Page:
This time last year AmeriCredit Corp. was in the middle of a liquidity crisis brought on by unanticipated economic factors and strategic bungles.

But now Clifton Morris Jr., the subprime auto lender's chairman, is looking for ways to use the excess capital it is accumulating.

It seems one of the lessons he learned over the last 16 months is that bigger is not necessarily better. "We got arrogant and contentious," Morris admitted bluntly during a recent interview at AmeriCredit's Fort Worth headquarters.

In the 11 years since its founding, its managed loans have mushroomed from $25 million to $13 billion at the end of last year, and all the while AmeriCredit has stayed in its only business line - making loans for new and used cars through dealerships for customers with less than stellar credit histories.

This unfettered growth tripped up AmeriCredit in 2002, when the collapse in used-car prices left it with undervalued collateral. Cash-strapped and with its own debt ratings in jeopardy, it was forced to put the brakes on production.

What followed was a dramatic change in philosophy, said Daniel E. Berce, AmeriCredit's president. Profitability, not growth, became the guiding factor. "We are no longer seeking to be the biggest. We honestly don't have market share targets."

But questions about AmeriCredit's future linger. Morris said investment bankers and potential buyers have approached him, but talks about selling the company have yet to evolve into serious negotiations. It could be because AmeriCredit's business plan scares off risk-averse buyers, despite the potentially attractive profit margins.

Nevertheless, Morris and Berce say there are no plans to stray far from their original plan. AmeriCredit may expand its lending base to include customers with slightly better credit, but it will not target prime borrowers.

And they have little interest in diversifying into banking, insurance or even credit cards.

The conventional wisdom is that financial firms with deeper pockets and better access to funding will absorb specialty lenders. Citigroup bought Associates First Capital Corp. in 1999. In November, HSBC bought the Prospect Heights, Ill., consumer lender Household International. Barclays PLC is rumored to have its eye on Capital One Financial Corp. of McLean, Va. (Both companies declined to comment.)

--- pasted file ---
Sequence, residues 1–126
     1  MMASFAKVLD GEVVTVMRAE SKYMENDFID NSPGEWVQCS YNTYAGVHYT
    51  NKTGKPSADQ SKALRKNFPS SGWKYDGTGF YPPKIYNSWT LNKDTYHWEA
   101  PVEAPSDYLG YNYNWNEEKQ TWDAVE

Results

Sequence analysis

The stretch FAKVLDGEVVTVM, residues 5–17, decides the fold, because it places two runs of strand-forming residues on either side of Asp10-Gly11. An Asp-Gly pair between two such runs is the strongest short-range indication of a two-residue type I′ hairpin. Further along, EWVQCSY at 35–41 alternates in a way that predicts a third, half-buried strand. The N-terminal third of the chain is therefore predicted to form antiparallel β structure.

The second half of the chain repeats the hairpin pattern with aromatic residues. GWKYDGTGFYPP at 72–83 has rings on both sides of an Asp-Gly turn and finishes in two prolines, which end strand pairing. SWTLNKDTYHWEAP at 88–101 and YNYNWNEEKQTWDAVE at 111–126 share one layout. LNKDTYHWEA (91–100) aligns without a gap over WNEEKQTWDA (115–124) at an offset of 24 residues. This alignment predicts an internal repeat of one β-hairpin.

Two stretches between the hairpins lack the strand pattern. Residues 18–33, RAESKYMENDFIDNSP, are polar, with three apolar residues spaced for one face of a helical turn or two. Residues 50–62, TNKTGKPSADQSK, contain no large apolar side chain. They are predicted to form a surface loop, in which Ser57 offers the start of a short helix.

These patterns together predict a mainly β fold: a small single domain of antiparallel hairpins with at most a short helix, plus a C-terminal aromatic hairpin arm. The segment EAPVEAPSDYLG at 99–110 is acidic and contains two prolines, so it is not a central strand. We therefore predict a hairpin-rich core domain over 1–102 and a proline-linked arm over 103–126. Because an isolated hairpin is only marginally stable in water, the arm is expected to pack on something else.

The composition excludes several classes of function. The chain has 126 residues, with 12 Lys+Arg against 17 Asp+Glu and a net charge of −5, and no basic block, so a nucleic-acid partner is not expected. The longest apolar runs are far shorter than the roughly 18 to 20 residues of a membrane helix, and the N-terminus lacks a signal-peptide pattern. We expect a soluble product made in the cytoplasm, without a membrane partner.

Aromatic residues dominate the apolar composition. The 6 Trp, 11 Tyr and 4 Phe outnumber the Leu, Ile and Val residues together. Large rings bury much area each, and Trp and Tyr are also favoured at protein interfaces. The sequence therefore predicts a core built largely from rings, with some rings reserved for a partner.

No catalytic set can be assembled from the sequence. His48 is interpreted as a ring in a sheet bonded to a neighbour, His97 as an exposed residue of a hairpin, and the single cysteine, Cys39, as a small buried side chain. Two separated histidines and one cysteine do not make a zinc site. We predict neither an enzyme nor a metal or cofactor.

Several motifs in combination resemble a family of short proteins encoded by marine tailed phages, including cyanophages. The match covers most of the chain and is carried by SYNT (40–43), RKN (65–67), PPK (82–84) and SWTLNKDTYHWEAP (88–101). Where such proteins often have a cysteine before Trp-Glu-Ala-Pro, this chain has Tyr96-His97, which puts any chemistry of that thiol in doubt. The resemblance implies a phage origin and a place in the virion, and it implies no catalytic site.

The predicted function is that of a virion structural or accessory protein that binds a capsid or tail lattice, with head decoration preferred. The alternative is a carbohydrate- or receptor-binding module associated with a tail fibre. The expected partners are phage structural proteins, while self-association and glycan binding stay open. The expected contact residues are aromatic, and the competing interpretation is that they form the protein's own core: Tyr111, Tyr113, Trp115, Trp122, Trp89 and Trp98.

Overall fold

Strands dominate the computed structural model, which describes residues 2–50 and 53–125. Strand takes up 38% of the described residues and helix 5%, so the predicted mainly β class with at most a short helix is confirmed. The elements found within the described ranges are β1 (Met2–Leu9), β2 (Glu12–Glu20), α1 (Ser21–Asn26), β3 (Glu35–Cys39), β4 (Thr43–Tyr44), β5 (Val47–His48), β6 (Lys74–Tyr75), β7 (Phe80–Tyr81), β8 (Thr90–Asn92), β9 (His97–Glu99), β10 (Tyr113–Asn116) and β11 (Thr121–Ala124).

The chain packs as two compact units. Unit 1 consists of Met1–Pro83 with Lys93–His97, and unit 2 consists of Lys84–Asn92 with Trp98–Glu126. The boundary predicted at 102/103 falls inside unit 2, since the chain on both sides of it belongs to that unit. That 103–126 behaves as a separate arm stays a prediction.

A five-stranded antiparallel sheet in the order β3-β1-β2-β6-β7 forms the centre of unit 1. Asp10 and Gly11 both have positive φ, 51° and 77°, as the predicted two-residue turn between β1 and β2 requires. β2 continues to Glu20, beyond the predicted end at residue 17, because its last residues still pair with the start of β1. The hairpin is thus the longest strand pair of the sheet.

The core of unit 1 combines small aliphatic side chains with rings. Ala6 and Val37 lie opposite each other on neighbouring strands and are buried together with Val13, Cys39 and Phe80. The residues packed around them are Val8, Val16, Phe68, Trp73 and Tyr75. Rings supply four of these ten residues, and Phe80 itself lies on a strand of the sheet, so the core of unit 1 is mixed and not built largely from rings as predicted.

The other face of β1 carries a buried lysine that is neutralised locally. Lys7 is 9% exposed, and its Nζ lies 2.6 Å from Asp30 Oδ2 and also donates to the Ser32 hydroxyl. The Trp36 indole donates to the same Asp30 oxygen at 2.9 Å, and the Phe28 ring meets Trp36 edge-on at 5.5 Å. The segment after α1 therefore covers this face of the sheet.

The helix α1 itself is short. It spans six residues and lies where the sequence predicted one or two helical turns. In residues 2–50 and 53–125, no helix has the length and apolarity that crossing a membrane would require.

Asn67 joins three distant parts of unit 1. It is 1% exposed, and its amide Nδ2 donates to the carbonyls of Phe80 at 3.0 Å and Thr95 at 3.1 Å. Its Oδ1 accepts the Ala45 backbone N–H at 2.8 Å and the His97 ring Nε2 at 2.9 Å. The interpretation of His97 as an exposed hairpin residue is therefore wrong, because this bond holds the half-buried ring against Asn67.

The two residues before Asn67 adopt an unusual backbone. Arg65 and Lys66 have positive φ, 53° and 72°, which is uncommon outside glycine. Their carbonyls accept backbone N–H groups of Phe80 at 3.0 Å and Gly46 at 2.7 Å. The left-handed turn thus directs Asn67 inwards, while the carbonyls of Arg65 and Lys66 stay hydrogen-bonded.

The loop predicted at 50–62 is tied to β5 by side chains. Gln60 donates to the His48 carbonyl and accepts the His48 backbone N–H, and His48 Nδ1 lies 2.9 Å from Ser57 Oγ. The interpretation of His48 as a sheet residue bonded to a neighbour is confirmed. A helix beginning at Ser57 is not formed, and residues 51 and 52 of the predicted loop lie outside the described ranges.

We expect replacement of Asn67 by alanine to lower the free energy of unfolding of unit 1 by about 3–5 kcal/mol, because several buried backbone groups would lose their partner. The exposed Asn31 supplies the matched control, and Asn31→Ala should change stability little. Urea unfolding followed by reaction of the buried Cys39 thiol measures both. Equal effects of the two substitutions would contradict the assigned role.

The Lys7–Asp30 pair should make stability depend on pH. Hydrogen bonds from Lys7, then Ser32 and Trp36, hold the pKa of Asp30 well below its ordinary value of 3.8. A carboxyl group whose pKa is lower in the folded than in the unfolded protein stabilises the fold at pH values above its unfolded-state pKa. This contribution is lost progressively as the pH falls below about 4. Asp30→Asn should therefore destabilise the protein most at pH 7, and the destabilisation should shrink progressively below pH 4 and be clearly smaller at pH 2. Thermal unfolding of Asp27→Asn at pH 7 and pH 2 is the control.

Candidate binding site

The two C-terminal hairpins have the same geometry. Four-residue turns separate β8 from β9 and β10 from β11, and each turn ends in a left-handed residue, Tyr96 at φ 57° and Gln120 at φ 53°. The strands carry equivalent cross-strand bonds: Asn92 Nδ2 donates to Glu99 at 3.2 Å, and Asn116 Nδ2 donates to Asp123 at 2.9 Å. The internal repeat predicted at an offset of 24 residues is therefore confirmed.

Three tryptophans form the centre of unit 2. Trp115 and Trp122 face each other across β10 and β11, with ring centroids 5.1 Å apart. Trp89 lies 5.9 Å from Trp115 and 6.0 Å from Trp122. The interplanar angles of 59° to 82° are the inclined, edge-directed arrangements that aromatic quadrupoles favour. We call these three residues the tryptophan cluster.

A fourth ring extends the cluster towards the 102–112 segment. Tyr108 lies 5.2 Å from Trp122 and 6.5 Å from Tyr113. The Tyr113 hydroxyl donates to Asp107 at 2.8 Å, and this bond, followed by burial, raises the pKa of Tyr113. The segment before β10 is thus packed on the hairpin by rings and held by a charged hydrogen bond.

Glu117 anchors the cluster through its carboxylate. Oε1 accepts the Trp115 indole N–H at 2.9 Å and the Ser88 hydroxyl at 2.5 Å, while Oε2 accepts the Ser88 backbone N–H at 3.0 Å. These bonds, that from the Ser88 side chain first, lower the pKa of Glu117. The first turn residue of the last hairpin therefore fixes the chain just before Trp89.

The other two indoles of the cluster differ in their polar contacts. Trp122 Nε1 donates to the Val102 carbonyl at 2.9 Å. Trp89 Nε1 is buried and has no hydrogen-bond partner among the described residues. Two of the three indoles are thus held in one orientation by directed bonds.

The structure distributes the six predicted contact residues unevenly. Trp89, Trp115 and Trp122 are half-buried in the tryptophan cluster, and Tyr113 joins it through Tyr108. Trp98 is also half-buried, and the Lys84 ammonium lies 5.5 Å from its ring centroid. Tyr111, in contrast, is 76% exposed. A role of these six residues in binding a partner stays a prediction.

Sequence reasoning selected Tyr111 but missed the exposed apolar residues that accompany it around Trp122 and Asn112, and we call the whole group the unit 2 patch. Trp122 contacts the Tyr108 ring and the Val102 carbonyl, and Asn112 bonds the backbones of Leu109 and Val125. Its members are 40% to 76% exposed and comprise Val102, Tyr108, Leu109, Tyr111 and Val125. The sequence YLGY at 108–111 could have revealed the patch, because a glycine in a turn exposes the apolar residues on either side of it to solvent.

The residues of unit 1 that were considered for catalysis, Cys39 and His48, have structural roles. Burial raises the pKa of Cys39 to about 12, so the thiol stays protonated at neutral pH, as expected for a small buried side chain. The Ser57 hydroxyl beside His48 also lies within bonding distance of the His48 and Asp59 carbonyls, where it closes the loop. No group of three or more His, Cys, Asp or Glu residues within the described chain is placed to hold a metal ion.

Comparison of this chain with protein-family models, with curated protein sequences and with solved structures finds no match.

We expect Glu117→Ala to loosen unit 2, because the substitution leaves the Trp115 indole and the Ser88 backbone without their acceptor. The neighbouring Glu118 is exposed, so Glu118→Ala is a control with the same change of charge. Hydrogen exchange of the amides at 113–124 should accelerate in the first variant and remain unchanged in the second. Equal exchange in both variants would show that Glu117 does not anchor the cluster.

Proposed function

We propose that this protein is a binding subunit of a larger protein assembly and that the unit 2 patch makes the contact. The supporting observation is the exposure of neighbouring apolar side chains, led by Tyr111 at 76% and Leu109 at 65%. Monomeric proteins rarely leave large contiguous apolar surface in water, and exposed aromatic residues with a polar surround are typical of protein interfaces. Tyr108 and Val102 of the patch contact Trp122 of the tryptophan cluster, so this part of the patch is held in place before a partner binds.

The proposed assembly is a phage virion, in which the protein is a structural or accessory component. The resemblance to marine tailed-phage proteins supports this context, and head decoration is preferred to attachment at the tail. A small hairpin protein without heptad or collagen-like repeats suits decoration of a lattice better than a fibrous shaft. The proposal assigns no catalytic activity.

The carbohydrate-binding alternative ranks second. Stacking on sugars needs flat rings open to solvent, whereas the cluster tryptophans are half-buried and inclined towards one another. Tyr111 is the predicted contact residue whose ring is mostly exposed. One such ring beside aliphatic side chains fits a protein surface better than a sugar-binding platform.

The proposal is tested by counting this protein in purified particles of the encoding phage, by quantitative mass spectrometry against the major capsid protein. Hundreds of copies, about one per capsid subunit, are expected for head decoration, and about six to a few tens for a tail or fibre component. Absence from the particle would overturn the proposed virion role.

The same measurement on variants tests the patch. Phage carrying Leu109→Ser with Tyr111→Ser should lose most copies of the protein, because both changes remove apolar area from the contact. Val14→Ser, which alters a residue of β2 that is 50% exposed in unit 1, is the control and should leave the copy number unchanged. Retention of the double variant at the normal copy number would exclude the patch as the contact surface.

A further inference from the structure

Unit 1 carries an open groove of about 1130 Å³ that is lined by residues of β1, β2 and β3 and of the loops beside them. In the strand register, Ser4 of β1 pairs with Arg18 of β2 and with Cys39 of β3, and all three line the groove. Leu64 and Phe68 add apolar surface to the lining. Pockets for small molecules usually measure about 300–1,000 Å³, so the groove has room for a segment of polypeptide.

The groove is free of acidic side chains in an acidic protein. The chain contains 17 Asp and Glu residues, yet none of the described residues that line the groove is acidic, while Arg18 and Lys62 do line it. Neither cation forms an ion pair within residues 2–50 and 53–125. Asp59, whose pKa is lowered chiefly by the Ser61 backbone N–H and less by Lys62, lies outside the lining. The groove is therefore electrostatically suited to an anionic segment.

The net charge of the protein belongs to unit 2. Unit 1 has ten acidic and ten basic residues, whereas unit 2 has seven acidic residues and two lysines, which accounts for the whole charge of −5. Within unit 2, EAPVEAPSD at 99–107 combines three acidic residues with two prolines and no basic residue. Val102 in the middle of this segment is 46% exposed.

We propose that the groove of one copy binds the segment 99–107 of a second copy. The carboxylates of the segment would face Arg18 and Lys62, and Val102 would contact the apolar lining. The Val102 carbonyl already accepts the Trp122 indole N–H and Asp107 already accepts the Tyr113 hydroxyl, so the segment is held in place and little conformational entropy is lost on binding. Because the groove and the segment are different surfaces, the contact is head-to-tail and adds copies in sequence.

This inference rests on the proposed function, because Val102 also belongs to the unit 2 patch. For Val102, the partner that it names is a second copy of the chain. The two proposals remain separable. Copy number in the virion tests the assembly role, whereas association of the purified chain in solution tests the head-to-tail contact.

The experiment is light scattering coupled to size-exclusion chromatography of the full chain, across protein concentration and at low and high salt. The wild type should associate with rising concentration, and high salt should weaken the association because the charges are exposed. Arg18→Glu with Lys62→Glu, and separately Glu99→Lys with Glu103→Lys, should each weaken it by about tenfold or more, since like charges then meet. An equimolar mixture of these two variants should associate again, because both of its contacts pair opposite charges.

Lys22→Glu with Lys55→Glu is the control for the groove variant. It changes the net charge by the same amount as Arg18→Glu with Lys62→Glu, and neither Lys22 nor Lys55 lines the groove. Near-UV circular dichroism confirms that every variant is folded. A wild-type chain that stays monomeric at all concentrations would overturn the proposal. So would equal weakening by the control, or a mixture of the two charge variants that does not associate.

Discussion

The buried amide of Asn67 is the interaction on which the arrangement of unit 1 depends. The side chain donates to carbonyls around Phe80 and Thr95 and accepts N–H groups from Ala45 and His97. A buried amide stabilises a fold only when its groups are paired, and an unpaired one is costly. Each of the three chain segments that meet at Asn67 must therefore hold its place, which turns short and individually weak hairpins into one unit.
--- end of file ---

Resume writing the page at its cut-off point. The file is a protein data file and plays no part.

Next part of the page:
Still, AmeriCredit seems determined to stick it out. "I am absolutely certain there is a permanent place for specialty lenders, just like there is a permanent place in banking for community banks," Berce said.

No one knows whether the consumer credit cycle has run its course, but he seems determined to prove the subprime model works. The recent crisis was "the test." And AmeriCredit has passed it, however narrowly.

Morris, a 67-year-old Texas native, started AmeriCredit in 1988, after working as chief financial officer at Cash America International Inc., a Fort Worth company that provides pawn loans and check cashing services. He is a certified public accountant, as are AmeriCredit's two other top executives. His career has also included stints as the finance chief at a used-car financing firm and a company specializing in funeral and crematory services.

AmeriCredit is arguably his success story. Its share of the subprime used-car financing market grew rapidly in the late 1990s and early this decade - perhaps too much so. According to a December 2001 report by JPMorgan Securities, it had a market share of 4% and was expected to reach 10% by this year. But AmeriCredit beat that growth target. Berce said its share probably hit 10% in 2002, when its quarterly origination volume was more than $2.4 billion.

Even when the economy soured and credit quality began to erode, AmeriCredit's management was confident of its ability to maintain growth. "We had done simulation after model after study about how economic factors would impact our defaults, and those came out to be fairly accurate," said Berce, also a CPA, who was a partner at Coopers & Lybrand before joining AmeriCredit in 1991.

In the late 1990s, some on Wall Street were also optimistic. Edward Young, an analyst from Moody's Investors Service, wrote in a December 1999 report that AmeriCredit was "in a much better position to weather a downturn than its competitors."

But its managers didn't watch how the dynamics of the used-car market interacted with consumer credit quality. Prices plummeted in 2001 and 2002. Senior managers now admit they didn't recognize a fundamental shift in the business climate.